My eldest son is speaking a clear German, but in his English he places German grammar. In German the simple past almost always starts with a "ge".  to make = machen  / made = gemacht. My son starts the English past always with the "ge". "Look what I have gemaked." We have told him million times.. but when he doesnt remember the correct form of the past, he just replaces it with the "ge". So yes there is clearly a vocabulary shortfall, and to no surprise. Where else would he learn the language. Every single word he knows in English is from his father. Catalan he speaks only in school, and his teachers are surprised that he doesn't know "simple" words like "ceiling" in Catalan. It will all come with time. Speaking more languages -even at a lower level than other kids- is always better than speaking 1 language. The world understands these children and they understand the world. Even foreign politicians don't speak a perfect English, but everybody understands them.

    Could you tell us a funny anecdote related to your children’s bilingualism?
    About a year ago I took my oldest son to the German Embassy in Barcelona and when we entered the full waiting room, he heard that everybody was speaking in German. He  said very loud in German: "Look Mum, we are in Germany now" and then pointed to an elderly couple "because even grandma and grandpa (Oma and Opa) here are speaking German!"

    What was or still is difficult?
    I guess for my children nothing is difficult, but for me it is incredibly difficult, that we live in a region with 2 languages. In order to help my children with homework I have to learn how to speak and write Catalan. But I always rather improve my Spanish, instead of learning Catalan. With the Primaria coming up, I have to make a plan. Clearly, with all the school communication in Catalan I can read and understand everything, but speaking is on another level. 

    Do your children get the differences between the languages and cultures?  What do you do to keep them interested in both cultures?For my children the language is one thing and the foreign culture doesn't exist. Maybe they are too small. In Germany we have Nikolaus coming the night before the 6.12 and he always puts sweets, nuts and mandarins in the kids shoes in front of their doors. My eldest son was happy, but told me that there is no Nikolaus, because I placed the goodies into the shoes. I couldnt change his mind. The same day we went to the Fira Santa Lucia and we finally got his so desired "Caga Tio". For one week he didnt stop hitting him and singing, wondering non stop why he hadn't done the deed yet. Then he took him to school, maybe the teachers could influence him. He brought another one back from school and this one just before christmas finally did it. They were the same sweets as for Nikolaus, but my son really believed that "Caga Tio" finally had to poo. I was very disappointed, but my husband thinks it is the way everybody talks about it. Everybody believes in Caga Tio, so it must be real. Nobody knows Nikolaus except Mama, so he is not real. I basically have given up. My cultural believes come from my own childhood and my then environment. I don't need to force this onto my children. They have their own environment and it will be a different one to my own past. If they can explain the meaning of Caga Tio one day to a German in German, I will be happy enough. The language is more important than the tradition.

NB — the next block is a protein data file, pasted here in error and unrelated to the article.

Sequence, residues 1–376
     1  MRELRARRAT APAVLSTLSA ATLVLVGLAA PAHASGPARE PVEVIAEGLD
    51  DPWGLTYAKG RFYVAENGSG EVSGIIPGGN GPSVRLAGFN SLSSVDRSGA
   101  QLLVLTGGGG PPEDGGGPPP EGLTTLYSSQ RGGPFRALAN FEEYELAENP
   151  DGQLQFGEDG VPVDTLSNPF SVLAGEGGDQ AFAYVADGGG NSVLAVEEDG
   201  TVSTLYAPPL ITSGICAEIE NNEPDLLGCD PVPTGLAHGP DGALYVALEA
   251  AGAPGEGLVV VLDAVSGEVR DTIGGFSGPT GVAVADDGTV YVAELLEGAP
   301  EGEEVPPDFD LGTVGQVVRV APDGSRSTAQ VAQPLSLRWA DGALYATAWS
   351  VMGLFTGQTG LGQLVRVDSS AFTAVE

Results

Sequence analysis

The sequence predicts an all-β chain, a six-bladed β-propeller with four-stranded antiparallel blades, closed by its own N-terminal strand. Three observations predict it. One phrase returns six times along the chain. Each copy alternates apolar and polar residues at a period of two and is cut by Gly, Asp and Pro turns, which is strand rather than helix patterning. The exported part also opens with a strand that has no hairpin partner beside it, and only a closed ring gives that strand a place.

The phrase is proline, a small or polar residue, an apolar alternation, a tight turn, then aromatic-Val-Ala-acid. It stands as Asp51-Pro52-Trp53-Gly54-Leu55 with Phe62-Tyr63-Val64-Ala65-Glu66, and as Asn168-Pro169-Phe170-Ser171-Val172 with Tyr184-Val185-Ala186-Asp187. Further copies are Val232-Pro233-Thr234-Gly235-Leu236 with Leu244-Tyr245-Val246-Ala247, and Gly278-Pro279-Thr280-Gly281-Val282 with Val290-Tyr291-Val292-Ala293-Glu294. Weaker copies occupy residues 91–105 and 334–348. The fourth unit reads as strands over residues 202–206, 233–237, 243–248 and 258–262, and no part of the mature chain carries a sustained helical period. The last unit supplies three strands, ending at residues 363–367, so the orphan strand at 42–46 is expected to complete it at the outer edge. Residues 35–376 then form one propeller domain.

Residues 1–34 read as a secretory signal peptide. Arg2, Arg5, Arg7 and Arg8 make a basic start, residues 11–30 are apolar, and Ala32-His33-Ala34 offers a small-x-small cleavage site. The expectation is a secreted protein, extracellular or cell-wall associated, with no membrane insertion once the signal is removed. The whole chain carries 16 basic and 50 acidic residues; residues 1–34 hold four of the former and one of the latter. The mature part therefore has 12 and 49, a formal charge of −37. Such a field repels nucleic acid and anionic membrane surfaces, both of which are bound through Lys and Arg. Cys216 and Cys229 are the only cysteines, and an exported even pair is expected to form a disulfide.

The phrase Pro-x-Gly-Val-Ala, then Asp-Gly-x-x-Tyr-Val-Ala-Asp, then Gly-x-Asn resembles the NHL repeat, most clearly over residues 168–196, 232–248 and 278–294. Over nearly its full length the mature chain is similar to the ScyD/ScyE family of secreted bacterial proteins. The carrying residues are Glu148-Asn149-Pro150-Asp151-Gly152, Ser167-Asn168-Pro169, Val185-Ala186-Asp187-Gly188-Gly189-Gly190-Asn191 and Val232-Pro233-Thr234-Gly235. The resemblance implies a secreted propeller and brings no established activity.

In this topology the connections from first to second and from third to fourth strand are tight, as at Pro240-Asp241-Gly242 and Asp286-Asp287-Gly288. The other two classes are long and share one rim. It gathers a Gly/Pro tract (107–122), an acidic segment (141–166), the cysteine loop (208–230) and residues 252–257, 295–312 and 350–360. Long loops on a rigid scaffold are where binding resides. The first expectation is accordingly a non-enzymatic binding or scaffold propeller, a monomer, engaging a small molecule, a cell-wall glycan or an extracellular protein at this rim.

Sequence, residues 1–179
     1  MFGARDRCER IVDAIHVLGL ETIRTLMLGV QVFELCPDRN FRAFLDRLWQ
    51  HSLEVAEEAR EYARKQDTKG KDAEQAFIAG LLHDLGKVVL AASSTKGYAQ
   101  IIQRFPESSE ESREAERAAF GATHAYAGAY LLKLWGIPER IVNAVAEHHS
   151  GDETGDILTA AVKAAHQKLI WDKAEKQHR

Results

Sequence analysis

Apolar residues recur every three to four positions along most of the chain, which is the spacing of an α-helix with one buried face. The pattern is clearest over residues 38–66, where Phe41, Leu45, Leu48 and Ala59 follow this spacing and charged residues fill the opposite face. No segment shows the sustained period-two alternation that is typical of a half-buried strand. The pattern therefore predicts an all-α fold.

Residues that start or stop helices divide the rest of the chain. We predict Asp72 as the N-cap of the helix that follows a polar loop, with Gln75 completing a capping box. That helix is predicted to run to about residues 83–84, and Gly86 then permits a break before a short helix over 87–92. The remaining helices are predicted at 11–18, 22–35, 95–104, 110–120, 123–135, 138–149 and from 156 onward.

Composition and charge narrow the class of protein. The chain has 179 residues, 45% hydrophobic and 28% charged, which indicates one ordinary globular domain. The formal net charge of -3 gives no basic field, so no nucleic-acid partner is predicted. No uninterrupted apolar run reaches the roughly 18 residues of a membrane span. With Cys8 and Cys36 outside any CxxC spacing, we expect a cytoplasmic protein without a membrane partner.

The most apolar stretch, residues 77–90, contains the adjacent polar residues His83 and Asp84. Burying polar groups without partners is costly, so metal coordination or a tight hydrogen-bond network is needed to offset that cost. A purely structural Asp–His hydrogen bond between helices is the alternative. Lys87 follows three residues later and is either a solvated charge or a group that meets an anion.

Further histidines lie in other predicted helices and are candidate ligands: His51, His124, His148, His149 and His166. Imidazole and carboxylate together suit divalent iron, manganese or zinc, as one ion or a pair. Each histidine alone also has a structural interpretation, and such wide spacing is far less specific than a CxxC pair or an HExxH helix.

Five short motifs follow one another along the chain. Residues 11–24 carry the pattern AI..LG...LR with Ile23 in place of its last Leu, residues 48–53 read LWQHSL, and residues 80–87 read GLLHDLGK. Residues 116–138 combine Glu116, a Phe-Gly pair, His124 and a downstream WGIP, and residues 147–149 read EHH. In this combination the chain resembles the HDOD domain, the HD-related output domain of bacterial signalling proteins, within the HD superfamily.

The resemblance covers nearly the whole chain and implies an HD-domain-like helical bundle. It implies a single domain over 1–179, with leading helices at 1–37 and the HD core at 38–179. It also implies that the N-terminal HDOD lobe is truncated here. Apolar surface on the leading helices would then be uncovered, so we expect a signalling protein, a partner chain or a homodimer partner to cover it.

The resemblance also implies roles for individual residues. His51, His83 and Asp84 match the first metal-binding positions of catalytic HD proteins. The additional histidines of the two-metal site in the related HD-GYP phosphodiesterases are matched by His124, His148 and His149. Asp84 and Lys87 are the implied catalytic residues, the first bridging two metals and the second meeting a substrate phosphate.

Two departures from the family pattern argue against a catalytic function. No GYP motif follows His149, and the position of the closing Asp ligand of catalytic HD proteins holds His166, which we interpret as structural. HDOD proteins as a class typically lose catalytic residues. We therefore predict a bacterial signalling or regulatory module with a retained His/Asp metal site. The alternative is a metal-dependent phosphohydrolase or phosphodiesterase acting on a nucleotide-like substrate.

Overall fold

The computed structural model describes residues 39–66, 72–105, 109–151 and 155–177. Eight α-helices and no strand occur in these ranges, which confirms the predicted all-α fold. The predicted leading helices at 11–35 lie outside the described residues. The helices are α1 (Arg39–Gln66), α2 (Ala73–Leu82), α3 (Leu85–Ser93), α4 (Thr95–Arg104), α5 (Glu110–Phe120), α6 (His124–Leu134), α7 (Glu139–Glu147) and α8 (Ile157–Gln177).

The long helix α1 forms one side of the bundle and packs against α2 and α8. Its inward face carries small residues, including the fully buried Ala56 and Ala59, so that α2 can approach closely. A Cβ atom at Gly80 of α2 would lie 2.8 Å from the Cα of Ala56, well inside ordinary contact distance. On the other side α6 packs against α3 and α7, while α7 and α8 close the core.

Can you think of any resources that helped you or recommend any support groups, websites or social media groups that you have found useful??
    The only group I have is the Maresme Connect Group. I met several foreign mothers through it and some with German roots. It is great for me as a mother, because we have no family here, so I can meet people in a similar situation during weekends, with the side effect that the children communicate in English or German.

    How do you perceive the key benefits of bringing up a child bilingually/multilingually?
    I only can hope that their language level will be good enough to choose where they wanna study and live. More languages open the world to everyone, you learn from other cultures and understand their reasoning. Even the cultures of Europe are so different - it is good to understand how people think and feel.

    Are there any disadvantages? Are their challenging aspects with schoolwork for example?
    For sure my children will have problems at school and maybe they will not perform as good. For sure they will need language support  throughout their school life, but with the effect of finishing school with 4 fluent languages. They will end school at a language level, where others only can dream to be. My children's problems, will not be their language abilities, but their parents. We are different to the Catalans, so they will be different. I cannot and do not want to change the way I have been formed in Germany, but this is incompatible with half of the people from here. My sons simply don't get invited to some play dates, but this also could happen in Germany.

    What advice would you give parents about to embark on bringing up a child bilingually?

    Do it. There is no harm. But it needs to come naturally.

    March 2015